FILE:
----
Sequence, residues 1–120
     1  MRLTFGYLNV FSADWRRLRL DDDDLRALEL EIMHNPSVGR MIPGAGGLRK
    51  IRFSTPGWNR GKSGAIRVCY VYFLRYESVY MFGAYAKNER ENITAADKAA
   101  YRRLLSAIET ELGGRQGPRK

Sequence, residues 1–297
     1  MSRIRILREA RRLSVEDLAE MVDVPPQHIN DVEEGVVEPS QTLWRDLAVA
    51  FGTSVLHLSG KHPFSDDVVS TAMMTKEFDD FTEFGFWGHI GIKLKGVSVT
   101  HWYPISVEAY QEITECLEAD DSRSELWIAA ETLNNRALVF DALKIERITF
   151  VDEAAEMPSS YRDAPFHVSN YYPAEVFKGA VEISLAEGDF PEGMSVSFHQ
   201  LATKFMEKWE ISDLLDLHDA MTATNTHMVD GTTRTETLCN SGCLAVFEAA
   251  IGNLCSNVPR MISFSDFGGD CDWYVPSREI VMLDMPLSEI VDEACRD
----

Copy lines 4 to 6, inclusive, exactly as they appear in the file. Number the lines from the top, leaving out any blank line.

   101  YRRLLSAIET ELGGRQGPRK

Sequence, residues 1–297
     1  MSRIRILREA RRLSVEDLAE MVDVPPQHIN DVEEGVVEPS QTLWRDLAVA